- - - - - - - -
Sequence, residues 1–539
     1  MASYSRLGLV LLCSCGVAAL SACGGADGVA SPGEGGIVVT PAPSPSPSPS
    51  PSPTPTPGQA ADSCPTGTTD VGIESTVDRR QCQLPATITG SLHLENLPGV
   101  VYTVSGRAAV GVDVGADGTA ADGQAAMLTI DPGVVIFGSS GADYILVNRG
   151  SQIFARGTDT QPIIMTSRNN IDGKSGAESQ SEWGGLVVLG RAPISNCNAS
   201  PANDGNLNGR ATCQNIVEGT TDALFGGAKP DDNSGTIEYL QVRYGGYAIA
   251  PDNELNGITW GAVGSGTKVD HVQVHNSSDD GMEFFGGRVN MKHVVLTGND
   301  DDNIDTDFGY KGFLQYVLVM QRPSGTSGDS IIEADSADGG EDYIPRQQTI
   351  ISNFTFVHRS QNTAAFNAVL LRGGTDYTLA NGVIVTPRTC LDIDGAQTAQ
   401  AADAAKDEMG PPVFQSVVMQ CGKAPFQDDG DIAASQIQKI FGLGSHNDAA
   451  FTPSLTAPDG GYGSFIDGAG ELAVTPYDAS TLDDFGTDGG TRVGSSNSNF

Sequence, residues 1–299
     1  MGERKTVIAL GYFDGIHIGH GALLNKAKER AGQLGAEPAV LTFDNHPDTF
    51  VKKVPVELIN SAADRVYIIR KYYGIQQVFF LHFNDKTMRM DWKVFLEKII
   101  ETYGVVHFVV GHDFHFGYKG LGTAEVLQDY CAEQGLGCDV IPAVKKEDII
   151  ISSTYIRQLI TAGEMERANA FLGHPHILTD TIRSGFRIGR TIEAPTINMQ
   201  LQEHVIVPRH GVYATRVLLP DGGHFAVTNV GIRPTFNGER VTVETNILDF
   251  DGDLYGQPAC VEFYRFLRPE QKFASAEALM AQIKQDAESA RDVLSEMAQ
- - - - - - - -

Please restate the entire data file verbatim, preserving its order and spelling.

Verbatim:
Sequence, residues 1–539
     1  MASYSRLGLV LLCSCGVAAL SACGGADGVA SPGEGGIVVT PAPSPSPSPS
    51  PSPTPTPGQA ADSCPTGTTD VGIESTVDRR QCQLPATITG SLHLENLPGV
   101  VYTVSGRAAV GVDVGADGTA ADGQAAMLTI DPGVVIFGSS GADYILVNRG
   151  SQIFARGTDT QPIIMTSRNN IDGKSGAESQ SEWGGLVVLG RAPISNCNAS
   201  PANDGNLNGR ATCQNIVEGT TDALFGGAKP DDNSGTIEYL QVRYGGYAIA
   251  PDNELNGITW GAVGSGTKVD HVQVHNSSDD GMEFFGGRVN MKHVVLTGND
   301  DDNIDTDFGY KGFLQYVLVM QRPSGTSGDS IIEADSADGG EDYIPRQQTI
   351  ISNFTFVHRS QNTAAFNAVL LRGGTDYTLA NGVIVTPRTC LDIDGAQTAQ
   401  AADAAKDEMG PPVFQSVVMQ CGKAPFQDDG DIAASQIQKI FGLGSHNDAA
   451  FTPSLTAPDG GYGSFIDGAG ELAVTPYDAS TLDDFGTDGG TRVGSSNSNF

Sequence, residues 1–299
     1  MGERKTVIAL GYFDGIHIGH GALLNKAKER AGQLGAEPAV LTFDNHPDTF
    51  VKKVPVELIN SAADRVYIIR KYYGIQQVFF LHFNDKTMRM DWKVFLEKII
   101  ETYGVVHFVV GHDFHFGYKG LGTAEVLQDY CAEQGLGCDV IPAVKKEDII
   151  ISSTYIRQLI TAGEMERANA FLGHPHILTD TIRSGFRIGR TIEAPTINMQ
   201  LQEHVIVPRH GVYATRVLLP DGGHFAVTNV GIRPTFNGER VTVETNILDF
   251  DGDLYGQPAC VEFYRFLRPE QKFASAEALM AQIKQDAESA RDVLSEMAQ